For years, mortgage executives have predicted the marriage of a large lender and a network of real estate brokers that would revolutionize the way people shop for both homes and mortgages - and would produce substantial profits.

They're about to find out if it will really work.

Their eyes are fixed on the planned acquisition of PHH Corp. - a relocation firm that has made big inroads into mortgage lending - by HFS Inc., a diversified financial services firm that has been gobbling up giant realty agencies in the last year and a half.

The $1.7 billion deal, announced Monday, would create a nationwide organization that can both sell and finance homes.

While attempts to merge real estate brokerage firms and mortgage lending operations have not been especially successful in the past, industry experts said there was reason to believe that this merger could be different because of PHH's special strengths. As an "affinity lender," PHH has pioneered new ways of marketing mortgages to groups of like-minded customers.

"The fact that PHH has a unique franchise that has been very successful changes the dynamic," said Brian J. Chappelle, senior staff vice president for the Mortgage Bankers Association of America. "It's the first time we've seen anything on this scale."

PHH, which is on track to originate $9 billion of mortgages this year, would gain a powerful link to the realty agencies in HFS' stable: Coldwell Banker, Century 21, and Electronic Realty Associates.

Analysts say this could create a torrid stream of new business, swelling its mortgage origination volume by at least $10 billion and carrying PHH, which is based in Hunt Valley, Md., into the top five originators.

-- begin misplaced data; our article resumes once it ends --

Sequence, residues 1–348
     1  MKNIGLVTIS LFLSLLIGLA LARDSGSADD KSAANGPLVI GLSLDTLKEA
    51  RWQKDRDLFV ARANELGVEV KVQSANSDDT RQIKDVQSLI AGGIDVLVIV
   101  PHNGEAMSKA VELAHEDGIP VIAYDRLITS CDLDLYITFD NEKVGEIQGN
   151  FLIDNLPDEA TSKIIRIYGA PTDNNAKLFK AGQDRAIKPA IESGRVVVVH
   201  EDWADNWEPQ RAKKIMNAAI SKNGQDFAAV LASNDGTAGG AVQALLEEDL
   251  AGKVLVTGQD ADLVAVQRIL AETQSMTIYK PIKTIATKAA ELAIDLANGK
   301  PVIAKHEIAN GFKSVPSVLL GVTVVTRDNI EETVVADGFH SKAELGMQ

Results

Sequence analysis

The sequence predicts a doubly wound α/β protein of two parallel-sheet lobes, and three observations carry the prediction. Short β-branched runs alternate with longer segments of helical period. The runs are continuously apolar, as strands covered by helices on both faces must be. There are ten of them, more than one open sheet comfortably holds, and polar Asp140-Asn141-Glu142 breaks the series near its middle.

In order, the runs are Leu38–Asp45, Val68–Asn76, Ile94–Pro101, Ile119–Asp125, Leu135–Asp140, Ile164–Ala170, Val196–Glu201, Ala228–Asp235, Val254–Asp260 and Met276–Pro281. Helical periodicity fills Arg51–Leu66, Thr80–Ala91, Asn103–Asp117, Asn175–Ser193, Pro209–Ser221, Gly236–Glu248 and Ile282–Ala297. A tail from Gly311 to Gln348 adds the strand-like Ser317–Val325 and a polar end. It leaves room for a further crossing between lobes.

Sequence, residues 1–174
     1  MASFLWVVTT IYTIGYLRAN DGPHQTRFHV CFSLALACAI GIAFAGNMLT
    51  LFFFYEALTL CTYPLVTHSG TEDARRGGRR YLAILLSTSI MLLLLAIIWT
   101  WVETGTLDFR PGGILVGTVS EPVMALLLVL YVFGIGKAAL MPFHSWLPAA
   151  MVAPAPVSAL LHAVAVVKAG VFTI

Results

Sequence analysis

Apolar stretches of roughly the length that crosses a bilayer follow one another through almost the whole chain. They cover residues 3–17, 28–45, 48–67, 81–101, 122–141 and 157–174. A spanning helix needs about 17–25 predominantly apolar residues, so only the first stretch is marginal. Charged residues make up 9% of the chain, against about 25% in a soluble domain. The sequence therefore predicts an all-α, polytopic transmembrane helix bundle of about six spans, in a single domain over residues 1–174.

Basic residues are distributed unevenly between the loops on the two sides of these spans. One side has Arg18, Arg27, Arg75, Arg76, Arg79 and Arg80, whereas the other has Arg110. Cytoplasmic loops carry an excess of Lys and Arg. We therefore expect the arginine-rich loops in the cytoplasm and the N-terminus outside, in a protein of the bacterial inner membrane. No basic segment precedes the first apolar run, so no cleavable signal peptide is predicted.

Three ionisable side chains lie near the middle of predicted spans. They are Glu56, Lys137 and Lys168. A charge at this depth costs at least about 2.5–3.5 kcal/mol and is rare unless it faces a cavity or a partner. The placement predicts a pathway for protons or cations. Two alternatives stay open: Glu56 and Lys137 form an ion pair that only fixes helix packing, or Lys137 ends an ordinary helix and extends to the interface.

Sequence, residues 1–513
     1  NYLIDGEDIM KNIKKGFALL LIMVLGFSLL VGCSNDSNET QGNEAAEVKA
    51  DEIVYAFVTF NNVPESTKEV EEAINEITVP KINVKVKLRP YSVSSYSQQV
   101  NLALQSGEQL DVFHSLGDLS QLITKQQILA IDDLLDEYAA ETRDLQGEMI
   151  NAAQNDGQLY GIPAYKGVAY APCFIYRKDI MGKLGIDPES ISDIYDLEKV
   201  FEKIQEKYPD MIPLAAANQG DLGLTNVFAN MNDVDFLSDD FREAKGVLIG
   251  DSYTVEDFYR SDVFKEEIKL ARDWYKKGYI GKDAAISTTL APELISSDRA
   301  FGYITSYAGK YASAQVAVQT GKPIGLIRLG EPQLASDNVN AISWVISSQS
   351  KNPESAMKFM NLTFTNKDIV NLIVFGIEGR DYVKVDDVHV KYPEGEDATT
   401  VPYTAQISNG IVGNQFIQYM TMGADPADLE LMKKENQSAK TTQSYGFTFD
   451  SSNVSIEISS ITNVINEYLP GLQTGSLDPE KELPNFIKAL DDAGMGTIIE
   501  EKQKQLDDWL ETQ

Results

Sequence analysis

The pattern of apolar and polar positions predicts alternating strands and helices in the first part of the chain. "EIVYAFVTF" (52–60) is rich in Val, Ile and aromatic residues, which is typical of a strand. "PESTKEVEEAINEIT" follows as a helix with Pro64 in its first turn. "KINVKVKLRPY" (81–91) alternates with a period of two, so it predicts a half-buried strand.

HFS, meanwhile, stands to capture at least 15% of its realty subsidiaries' home buying clients as mortgage customers, according to Mark Mutkoski, an analyst with BT Securities, New York.

That figure could be low. Chase Manhattan Mortgage Corp., Edison, N.J., began originating loans through Remax International, another large realty chain, in June. At that time, Weston Edwards, a consultant in Laguna Beach, Calif., said some firms were capturing 30% of transactions from affiliated brokers.

Beyond mortgages, the deal has other attractions for HFS. The Parsippany, N.J.-based company owns several hotel chains, including Days Inn and Ramada Inns; the Avis auto rental company; and a corporate relocation service. PHH would add a corporate relocation of its own and an vehicle leasing business.

"It's almost as if somebody created this company for HFS," said Barry Bryant, an analyst with Rodman & Renshaw/Abaco, New York.

Robert D. Kunisch, PHH's chairman and chief executive, said that mortgage originations, which had grown 150% from midyear 1995 figures, should continue to increase now that PHH will be combined with HFS' network of brokers and agents.

One casualty of the merger could be a joint venture whereby PNC Bank Corp. originates mortgages for HFS' Coldwell Banker offices. Analysts said HFS is likely to install PHH's origination capabilities in all its broker companies, including Century 21 and ERA.

It is also a turbulent time for PHH. Last month, the American Civil Liberties Union filed a complaint in Philadelphia against its mortgage subsidiary, PHH Mortgage Services, alleging it discriminated against blacks applying for mortgages in Philadelphia. PHH has denied the ACLU's charge, and Mr. Kunisch said that HFS was not concerned about the complaint.

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